Ros responded that usually three times a year, every region has a certain amount of young carer champions that come together to help drive the young carer’s strategy.

  1. NHS England to support a Carers Champions Network bringing together the healthcare and carers groups.
  2. NHS England will continue to implement the Equality Delivery System for the NHS, involving staff, patients, carers and the community to ensure equality is embedded within all of its core business including workforce development.

Ros mentioned NHS England has to do this, its practically a legal duty, she went into more detail about this.

  1. NHS England is committed to supporting innovation in the NHS and will ensure that innovative ways of engaging with and providing care for carers are considered through the national innovation fund schemes.

Priority 1 Raising the Profile of Carers

  1. NHS England to support the relevant bodies, including Health Education England, to support the use of packages for health care staff that increase carers awareness, and support staff to identify, involve and recognise carers as experts, and as individuals with their own needs, choices and aspirations.

On this question, Ros stated that Health Education England do have a training package that actually includes all frontline staff to increase carer’s awareness. Ros still mentioned there still is a problem to make training mandatory and she would very much like to see that.

  1. NHS England to support the relevant bodies in signposting carers to information and advice about support available. The reason I asked Ros this question was because I felt even though resources are out there for carers, it seems not many carers are using them. I am aware there are social perscribers, but they seem geared for older adults to combat loneliness or for patients.
  2. NHS England to contribute to increasing the awareness within the NHS of the duties and functions of local authorities with regards to carers.

Ros spoke how NHS England has made big strides on this task specifically for Integrated Care Systems (more on that in my September carer forum for Lewisham where Ros spoke about ICS Changes). Ros mentioned there has been much improvement and better awareness from a strategic level to the local NHS level.

  1. NHS England and NHS IQ to liaise with carers organisations and the Royal College of General Practitioners (RCGP) in order to support their work on identification, implementation and sharing of best practice models. (Again, I tend to bother the Royal College of GPs because I was interested in an update to the RCGP carer’s strategy when Judith Cameron was the RCGP Carer leads).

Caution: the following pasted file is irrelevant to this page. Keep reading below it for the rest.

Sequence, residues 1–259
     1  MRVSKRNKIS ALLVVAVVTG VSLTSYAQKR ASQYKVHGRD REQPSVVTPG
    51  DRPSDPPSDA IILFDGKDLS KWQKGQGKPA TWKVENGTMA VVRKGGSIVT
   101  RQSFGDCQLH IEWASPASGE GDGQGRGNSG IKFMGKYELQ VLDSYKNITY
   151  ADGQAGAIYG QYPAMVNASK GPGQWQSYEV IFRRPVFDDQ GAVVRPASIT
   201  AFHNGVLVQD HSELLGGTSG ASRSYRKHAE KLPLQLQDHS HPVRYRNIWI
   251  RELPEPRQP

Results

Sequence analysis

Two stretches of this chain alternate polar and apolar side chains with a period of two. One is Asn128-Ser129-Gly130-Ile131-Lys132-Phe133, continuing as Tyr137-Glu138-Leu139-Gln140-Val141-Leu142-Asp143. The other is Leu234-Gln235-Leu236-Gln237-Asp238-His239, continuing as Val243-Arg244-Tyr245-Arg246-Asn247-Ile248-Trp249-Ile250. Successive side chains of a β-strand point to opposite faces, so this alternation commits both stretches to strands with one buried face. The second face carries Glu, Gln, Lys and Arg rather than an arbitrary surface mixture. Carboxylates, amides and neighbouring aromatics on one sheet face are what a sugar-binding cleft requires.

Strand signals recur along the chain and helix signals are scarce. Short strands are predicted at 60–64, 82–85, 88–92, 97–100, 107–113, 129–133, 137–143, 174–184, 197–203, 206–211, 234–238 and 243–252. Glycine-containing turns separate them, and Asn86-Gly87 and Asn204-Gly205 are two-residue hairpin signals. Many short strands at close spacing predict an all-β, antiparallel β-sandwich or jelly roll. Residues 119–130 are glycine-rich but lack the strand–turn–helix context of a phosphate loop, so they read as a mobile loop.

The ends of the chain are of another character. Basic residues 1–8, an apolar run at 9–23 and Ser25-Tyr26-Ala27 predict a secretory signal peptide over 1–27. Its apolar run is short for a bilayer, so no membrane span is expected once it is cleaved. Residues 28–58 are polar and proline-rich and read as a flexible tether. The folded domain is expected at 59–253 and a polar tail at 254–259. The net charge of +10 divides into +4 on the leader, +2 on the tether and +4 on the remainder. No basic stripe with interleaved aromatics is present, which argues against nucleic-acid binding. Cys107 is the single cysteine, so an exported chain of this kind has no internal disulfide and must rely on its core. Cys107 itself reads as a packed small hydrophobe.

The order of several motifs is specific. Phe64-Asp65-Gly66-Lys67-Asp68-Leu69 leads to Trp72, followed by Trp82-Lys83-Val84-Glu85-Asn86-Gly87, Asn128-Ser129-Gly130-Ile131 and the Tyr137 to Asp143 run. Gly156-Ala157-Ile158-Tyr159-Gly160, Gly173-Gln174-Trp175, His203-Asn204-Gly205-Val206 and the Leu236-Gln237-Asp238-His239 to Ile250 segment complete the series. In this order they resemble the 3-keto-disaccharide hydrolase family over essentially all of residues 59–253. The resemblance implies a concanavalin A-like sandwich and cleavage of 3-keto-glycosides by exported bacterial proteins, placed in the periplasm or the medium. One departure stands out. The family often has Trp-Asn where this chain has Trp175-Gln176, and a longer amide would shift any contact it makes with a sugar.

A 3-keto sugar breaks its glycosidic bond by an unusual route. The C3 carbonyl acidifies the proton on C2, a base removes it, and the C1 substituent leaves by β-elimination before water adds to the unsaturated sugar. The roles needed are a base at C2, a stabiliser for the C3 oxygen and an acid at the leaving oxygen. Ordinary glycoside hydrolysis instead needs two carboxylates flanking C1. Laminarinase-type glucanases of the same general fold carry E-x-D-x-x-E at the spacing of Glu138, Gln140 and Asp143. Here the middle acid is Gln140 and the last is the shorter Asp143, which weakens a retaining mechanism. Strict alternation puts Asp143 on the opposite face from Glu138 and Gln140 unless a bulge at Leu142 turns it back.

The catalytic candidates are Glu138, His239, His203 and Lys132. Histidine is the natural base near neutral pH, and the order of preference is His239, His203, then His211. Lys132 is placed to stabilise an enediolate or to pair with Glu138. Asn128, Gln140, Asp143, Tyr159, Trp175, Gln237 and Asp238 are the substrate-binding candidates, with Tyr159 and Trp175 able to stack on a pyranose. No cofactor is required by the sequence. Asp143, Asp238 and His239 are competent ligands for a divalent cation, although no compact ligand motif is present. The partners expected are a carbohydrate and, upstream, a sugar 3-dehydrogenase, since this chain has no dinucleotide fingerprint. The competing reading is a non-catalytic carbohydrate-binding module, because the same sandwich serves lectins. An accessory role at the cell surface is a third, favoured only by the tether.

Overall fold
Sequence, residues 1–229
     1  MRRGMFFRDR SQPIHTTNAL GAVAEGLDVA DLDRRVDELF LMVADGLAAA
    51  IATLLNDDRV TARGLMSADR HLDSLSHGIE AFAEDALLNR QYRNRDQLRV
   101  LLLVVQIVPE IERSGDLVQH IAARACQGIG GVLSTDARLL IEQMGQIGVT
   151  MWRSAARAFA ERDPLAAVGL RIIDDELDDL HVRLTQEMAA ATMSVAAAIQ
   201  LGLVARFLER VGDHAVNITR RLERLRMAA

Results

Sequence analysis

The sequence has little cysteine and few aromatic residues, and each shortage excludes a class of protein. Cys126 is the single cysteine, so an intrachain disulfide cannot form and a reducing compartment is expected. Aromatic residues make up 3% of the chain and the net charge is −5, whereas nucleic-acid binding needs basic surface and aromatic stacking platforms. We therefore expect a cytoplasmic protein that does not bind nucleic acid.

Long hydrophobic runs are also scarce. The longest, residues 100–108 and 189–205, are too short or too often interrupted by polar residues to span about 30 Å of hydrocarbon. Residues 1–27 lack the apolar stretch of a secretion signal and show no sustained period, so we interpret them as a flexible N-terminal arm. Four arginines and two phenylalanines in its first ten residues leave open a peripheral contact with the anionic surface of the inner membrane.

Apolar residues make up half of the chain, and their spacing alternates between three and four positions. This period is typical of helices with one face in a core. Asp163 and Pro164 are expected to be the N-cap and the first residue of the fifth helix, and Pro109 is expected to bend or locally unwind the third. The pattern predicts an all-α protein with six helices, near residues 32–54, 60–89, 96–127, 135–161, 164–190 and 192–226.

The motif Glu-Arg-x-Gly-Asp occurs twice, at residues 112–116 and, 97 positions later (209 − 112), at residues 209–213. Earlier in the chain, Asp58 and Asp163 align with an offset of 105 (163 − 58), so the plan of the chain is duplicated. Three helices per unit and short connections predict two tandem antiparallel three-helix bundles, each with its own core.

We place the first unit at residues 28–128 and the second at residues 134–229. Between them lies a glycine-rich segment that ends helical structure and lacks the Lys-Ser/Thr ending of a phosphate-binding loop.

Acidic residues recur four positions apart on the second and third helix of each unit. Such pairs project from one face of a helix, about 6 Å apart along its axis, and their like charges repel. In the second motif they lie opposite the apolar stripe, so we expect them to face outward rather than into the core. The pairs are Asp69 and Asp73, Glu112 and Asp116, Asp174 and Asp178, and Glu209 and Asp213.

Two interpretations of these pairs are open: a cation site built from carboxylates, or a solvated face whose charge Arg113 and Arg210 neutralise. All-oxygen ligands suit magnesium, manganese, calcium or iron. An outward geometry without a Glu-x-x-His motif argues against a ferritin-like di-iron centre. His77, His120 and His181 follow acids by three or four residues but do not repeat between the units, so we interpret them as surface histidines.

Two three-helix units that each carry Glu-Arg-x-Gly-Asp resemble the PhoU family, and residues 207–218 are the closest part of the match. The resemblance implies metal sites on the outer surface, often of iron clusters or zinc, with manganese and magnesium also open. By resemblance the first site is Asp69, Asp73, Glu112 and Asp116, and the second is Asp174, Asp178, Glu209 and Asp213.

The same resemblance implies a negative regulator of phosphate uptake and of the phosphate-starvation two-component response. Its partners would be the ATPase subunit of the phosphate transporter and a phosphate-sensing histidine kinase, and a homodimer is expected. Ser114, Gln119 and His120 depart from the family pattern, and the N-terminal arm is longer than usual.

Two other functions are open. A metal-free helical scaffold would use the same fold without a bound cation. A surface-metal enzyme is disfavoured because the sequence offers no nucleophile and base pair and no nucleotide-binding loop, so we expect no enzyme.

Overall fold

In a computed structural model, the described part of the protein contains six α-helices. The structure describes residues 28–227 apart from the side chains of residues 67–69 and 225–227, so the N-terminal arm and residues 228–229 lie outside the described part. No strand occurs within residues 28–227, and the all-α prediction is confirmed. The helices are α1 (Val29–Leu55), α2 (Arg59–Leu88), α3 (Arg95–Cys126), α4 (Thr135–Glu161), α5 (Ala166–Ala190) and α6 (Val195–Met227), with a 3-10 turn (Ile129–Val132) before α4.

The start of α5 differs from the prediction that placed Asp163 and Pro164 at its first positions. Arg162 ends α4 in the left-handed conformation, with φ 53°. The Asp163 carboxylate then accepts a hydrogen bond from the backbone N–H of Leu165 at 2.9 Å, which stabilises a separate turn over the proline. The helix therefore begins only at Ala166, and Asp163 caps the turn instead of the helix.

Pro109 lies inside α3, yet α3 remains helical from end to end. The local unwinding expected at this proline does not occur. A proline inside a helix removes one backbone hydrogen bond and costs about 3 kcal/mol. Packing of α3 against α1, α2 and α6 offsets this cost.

Ros responded this would be on the quality markers from NHS England, but there was also recently a series of events from the Royal college of medicine regarding the focus on unpaid carers.

Priority 2 Education, Training and Information

  1. NHS England to investigate approaches to measure the skills, confidence and knowledge of carers and potential benefits on care and carers.
  2. Data sharing: As part of the Patient Online programme, NHS England to scope the potential for carers to access the GP medical records of the patients they care for, where applicable, and the patient has given their consent.

Ros mentioned a huge amount of work has been done on this since 2014, although due to COVID-19 happening she admits work on this has slowed down. Ros states hospitals should have the access to pull patient GP data if a patient turns up to hospitals very unwell and unable to speak for themselves.

  1. NHS England’s new ambitions for End of Life Care, to be published in June 2014, will include the intentions for support for carers and bereaved relatives.

Ros again talked about the personalisation agenda as there has been a lot of work done on this. We spoke about the lead for end of life care who is Sherone phillips, although Ros mentioned there is a regional lead and a national lead for End of Life care.

  1. NHS England to support timely dementia diagnosis and the best available treatment for everyone who needs it, including support for their carers. For example, the revised Dementia Enhanced Service will include an offer of a health check for carers and signposting for information and support.
  2. Develop a programme of work to support the health and wellbeing of carers through the community nursing strategy.